Back to School and to Back Pain?
Back pain is usually a condition we associate with growing older, however more and more children and youth are reporting discomfort and poor posture, which goes hand in hand with back and neck pain. The question is why? Diaan Jooste, our Physiotherapist joined me in studio to explain.
In many cases, the cause of back pain is the result not being active and carrying excessive loads to and from school in an ill-fitting backpack and sitting in desks that is not comfortable and encouraging good posture.
An Australian study found that heavily loaded backpacks (on average loaded with more than five kilograms) were responsible for posture problems that may cause neck and back pain and could lead to permanent spinal damage in later life.
These days our children’s bodies are also slaves to fashion, for eg. carrying your bag over one shoulder and stand with their back slumped and a hip sticking out to the one side, because they have an image to uphold. And the reality is that they are also more entertained by media and playstation and x-box than being involved in some sort of physical activities.
Back-to-school doesn’t have to mean a return to back pain for students carrying overloaded school bags. It is important to invest in a good backpack that is fitted well and as a parents you have to take a proactive approach in helping your children develop good posture and a healthy back from a young age.
Choosing the Right Back Pack
Lets look at some key features to look out for when choosing a backpack for your child:
- A lightweight pack that doesn’t add a lot of weight to your child’s load.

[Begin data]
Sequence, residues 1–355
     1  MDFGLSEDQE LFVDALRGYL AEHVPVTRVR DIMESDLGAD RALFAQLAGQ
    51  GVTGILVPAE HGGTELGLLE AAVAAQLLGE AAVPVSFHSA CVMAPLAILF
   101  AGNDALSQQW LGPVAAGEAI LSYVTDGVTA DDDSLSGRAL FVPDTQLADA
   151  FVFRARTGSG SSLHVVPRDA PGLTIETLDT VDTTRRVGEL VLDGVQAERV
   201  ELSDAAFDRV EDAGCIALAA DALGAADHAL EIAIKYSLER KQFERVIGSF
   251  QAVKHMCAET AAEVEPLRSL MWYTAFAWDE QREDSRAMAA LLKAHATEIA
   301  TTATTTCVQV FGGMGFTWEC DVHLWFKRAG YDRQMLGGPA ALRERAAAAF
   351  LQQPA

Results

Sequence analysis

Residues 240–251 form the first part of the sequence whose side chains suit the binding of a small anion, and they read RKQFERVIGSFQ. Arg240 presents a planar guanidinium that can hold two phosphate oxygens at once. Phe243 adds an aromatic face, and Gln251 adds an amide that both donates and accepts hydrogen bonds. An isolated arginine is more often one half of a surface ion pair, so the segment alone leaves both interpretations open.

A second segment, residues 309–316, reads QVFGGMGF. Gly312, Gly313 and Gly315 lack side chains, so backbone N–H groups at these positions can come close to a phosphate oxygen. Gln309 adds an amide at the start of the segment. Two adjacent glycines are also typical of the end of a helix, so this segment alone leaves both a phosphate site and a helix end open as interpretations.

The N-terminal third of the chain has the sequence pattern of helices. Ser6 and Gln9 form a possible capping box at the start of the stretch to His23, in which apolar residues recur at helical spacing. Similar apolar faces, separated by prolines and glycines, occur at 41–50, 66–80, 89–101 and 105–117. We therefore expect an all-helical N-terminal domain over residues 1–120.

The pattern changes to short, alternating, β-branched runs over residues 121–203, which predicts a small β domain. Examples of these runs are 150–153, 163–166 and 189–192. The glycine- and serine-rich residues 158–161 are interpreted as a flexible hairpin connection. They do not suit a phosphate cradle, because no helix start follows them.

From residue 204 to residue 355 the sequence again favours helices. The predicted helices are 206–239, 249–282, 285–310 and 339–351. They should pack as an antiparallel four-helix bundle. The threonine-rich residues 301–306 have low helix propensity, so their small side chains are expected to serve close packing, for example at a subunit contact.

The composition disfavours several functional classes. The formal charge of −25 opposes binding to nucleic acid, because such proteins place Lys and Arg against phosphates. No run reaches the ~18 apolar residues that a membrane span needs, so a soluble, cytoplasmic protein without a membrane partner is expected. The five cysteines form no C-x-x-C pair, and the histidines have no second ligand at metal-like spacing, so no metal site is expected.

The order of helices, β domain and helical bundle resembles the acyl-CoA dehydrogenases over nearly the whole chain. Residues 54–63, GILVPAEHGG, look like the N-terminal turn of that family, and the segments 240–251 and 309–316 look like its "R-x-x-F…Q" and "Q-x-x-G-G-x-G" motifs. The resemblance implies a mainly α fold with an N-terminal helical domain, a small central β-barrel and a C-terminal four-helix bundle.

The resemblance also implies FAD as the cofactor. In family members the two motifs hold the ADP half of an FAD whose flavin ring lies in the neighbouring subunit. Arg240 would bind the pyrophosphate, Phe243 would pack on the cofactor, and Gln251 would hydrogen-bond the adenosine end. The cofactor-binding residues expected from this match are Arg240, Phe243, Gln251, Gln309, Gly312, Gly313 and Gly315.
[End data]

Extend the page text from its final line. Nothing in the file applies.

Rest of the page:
- Choose a bag with two wide, adjustable, padded shoulder straps; straps that are too narrow can dig into shoulders.
- A padded back, which not only provides increased comfort, but also protects kids from being poked by sharp edges on objects (pencils, rulers, notebooks, etc.) inside the pack.
- A waist belt, which helps to distribute the weight more evenly across the body.
- Multiple compartments, which can help distribute the weight more evenly.
Choosing the Correct Size
- The top of the backpack should not be any more than 3cm (1inch) higher than the shoulders so that your child can look up at the ceiling without hitting it.
- The bottom of the bag should be slightly lower than the iliac crest (that bony part of your waist you can put your hands on top of).
- If your child’s bag has a waist strap, it should wrap around the body just below this crest. It allows some of the bags weight to be taken by the hips, lightening the load on the back and shoulders.
- Some bags may also feature the sternal strap, which joins the two shoulder straps. To help take strain off the shoulders it should be positioned 6cm below the collarbone.
Ideally, the centre of mass of a pack should be at waist height.
Adjusting the Straps:
The straps should be tight enough so that the bag is held against the torso. shouldn’t be leaning away, leaving a gap between the back of the shoulders and the bag, and shouldn’t have room to swing around.
It mustn’t be so tight that it’s uncomfortable or digs in to the underarms.
Here are a couple of extra tips to take note of:
- Don’t overload your bag – a child should not carry more than 10-15% of their body weight. It helps to plan ahead so they don’t carry unnecessary books to school. Lockers
- Place the heaviest items closest to your body / back.
- Position books in such a way that they don’t slide inside your pack – it becomes unbalanced.
- Always wear both shoulder straps.
- Shoulder straps should be well-padded to prevent too much pressure on the shoulders and necks.
- Adjust straps so that pack fit snugly to the back. The bottom of the pack should rest in the curve of the lower back. The bottom of the pack should not be higher than 10cm below the waistline.
- If the pack has a waistband, use it. This belt helps to distribute the pack’s weight more evenly.
- Stand and walk up straight – hold your head high! Not just at school but at home as well when watching TV or playing computer games.
- Sit up straight, buttocks in the corner of the seat, head up and your back fully supported.
- Don’t sit with your legs tucked underneath you on the seat.
If your children are displaying poor posture or complaining of back pain, get some advice from your Physiotherapist. If you are in the Nelson Mandela Bay and would like to chat to Diaan Jooste pop in at 339 Cape Road, PE or give her a call on 041 365 3535 to make an appointment.